Doesn’t matter, of course, because the College Football Playoff, in fact, doesn’t begin today, and it’ll all sort itself out. The best sporting event of this week — heck, maybe this month — is Saturday afternoon’s game between LSU and Alabama, ranked second and third in the first CFP rankings, released earlier this week. Shoot, Ohio State, which holds the top spot, and Penn State, which sits fourth, play in two weeks, another barnburner. So in an 14-day span, two of the teams ahead of Clemson will lose, which means the Tigers will be just fine.
Which begs the question: What is the point of these November rankings anyway?
The only rankings that matter will arrive Sunday, Dec. 8, when the four participants in the CFP semifinals will be announced. The top team will face the fourth team. The second will face the third. Anything else is just somewhere between potentially misleading and unnecessarily confusing.
Take this weekend alone. Penn State is 8-0 with nice wins at Iowa and against Michigan. It faces 8-0 Minnesota, with nice wins against . . . well, no one. If the Nittany Lions win — they’re favored by a touchdown on the road — they’re guaranteed to move up in next week’s rankings. Why? Because either LSU or Alabama will have lost, and an unbeaten Penn State isn’t going to settle behind one-loss LSU.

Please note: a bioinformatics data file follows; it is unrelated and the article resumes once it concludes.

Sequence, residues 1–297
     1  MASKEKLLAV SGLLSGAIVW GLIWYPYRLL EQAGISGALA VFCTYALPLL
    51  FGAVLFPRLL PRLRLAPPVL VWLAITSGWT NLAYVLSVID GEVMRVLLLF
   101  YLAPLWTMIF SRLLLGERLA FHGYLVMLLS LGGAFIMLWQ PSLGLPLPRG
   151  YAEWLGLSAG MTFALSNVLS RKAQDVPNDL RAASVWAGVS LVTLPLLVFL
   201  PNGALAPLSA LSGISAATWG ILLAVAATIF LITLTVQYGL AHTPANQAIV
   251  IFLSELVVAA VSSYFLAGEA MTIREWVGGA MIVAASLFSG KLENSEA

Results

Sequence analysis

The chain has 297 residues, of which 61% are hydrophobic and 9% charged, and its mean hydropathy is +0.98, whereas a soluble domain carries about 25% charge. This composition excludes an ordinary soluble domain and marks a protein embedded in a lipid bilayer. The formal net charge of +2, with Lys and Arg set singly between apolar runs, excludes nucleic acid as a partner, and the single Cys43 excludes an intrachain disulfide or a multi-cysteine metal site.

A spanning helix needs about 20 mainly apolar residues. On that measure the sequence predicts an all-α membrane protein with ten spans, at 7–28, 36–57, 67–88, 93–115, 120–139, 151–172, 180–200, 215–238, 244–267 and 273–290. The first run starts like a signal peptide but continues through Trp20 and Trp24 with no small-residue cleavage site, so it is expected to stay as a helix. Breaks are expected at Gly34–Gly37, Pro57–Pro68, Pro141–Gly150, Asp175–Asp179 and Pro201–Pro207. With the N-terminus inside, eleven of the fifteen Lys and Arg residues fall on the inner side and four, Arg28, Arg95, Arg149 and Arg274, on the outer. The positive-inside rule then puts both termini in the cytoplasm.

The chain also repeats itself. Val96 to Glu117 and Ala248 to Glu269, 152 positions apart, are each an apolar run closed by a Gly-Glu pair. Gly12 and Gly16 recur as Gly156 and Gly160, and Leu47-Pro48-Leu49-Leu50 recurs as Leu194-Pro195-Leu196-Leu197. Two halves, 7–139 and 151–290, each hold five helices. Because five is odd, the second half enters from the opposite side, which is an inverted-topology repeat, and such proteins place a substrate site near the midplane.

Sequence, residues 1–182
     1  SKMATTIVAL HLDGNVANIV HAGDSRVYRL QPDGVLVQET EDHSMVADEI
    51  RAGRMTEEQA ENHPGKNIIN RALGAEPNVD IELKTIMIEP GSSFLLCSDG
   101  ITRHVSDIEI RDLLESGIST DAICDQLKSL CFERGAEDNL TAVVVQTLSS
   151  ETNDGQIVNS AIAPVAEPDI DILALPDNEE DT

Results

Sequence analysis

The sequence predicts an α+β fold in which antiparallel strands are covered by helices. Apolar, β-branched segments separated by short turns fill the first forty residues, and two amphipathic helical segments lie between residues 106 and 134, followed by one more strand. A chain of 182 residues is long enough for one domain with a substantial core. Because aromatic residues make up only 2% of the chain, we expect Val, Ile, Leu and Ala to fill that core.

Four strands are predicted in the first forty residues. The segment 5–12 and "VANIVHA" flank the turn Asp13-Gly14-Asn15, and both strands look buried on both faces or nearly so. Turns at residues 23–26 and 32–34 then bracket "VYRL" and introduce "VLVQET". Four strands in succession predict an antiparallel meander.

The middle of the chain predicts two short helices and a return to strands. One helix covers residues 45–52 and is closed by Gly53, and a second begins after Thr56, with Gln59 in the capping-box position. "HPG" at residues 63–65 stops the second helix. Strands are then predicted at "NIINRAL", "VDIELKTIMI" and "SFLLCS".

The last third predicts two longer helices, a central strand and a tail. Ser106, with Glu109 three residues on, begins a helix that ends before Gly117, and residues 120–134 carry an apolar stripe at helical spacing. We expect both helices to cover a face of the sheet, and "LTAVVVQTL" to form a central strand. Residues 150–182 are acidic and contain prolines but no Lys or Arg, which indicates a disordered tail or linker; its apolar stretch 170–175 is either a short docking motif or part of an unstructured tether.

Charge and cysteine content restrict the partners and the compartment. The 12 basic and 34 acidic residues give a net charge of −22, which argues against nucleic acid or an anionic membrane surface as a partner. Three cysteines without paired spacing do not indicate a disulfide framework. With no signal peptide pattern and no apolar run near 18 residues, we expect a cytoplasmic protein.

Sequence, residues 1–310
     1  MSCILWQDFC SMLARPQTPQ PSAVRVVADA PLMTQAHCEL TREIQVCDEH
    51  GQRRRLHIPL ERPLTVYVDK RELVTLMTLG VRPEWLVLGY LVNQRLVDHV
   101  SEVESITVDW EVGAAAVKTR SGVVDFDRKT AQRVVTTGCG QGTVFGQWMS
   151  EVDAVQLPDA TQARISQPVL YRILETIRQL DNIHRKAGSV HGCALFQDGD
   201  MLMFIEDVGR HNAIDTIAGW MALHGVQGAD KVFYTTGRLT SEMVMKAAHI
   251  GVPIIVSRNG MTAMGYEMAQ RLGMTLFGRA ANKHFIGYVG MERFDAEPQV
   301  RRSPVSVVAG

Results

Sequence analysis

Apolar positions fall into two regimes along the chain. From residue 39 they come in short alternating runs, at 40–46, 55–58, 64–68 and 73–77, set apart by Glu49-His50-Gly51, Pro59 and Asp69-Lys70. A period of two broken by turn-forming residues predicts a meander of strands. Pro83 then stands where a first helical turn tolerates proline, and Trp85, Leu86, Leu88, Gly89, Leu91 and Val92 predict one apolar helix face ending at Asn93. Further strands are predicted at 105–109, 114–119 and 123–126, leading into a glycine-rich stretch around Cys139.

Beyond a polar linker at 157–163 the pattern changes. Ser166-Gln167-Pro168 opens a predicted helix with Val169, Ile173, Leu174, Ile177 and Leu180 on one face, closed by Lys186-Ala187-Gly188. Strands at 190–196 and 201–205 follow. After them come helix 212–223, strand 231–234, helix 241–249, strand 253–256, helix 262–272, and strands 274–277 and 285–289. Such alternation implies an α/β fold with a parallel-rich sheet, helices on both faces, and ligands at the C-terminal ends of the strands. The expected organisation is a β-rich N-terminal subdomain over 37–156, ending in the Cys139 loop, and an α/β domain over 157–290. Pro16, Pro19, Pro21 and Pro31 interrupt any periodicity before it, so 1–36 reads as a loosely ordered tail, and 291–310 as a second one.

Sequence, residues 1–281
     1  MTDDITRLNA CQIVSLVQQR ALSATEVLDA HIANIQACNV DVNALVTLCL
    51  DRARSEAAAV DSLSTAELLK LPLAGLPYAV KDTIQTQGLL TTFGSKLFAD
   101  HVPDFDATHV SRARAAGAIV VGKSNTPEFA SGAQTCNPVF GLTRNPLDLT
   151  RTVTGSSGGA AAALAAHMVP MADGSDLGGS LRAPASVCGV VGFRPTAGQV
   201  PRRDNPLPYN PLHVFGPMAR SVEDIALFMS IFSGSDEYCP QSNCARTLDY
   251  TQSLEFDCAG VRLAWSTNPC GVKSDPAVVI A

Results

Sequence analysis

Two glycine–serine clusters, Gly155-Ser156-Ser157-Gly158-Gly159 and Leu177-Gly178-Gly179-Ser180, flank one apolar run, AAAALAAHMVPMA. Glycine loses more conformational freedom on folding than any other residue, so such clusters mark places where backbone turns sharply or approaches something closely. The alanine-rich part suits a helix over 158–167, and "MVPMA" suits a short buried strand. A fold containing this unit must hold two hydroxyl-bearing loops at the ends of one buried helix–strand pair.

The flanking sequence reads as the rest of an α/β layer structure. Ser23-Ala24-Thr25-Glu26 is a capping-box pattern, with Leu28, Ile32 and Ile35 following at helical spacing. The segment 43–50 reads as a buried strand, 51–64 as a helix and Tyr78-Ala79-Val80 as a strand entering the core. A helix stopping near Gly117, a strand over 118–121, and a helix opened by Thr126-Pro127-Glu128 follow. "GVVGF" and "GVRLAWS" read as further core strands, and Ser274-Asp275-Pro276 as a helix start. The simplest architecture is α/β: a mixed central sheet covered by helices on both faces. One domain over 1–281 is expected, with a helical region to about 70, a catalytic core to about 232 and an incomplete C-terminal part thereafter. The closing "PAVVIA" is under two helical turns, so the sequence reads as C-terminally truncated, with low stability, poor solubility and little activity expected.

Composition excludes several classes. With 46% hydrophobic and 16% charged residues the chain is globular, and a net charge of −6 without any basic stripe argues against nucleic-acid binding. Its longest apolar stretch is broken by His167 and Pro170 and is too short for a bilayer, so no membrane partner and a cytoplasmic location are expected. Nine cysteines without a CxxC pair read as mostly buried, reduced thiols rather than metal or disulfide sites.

But even that discussion is fraught. Penn State’s upcoming schedule — at Minnesota, vs. Indiana and at Ohio State — will have all the impact on whether the Nittany Lions make the playoffs. We don’t need to know whether they’re third or fourth or ninth this week or next week. Win those games — plus Rutgers and the Big Ten championship against a (presumably) weaker team from the Big Ten West — and there’s no way Penn State is left out.
So why do we care that the Nittany Lions are fourth in November? Because we needed to be distracted from the opening night of college basketball, which was right when the rankings were announced?
Start at the top, because maybe that’s one place that it may matter. Since the CFP began in 2014, the top team in the first ranking has made the playoff every year but one. Remember when Mississippi State was the No. 1 team in the first ranking ever? Yeah, me neither. (Ole Miss was fourth in that first ranking, and Florida State was the only school that appeared that made the playoff.)
So this November, as irrelevant things are concerned, Ohio State as the top-ranked team is fine, just fine. Hard to argue with an 8-0 juggernaut that has won its games by an average of more than 40 points. And they’re not patsies. Okay, some of them are patsies (looking at that 76-5 win over Miami (Ohio)). Cincinnati has only one loss all year – to Ohio State, 42-0. Indiana and Wisconsin have lost only twice – once each to Ohio State, 51-10 and 38-7, respectively. The Buckeyes’ next opponent, whoever that is, should be shuddering.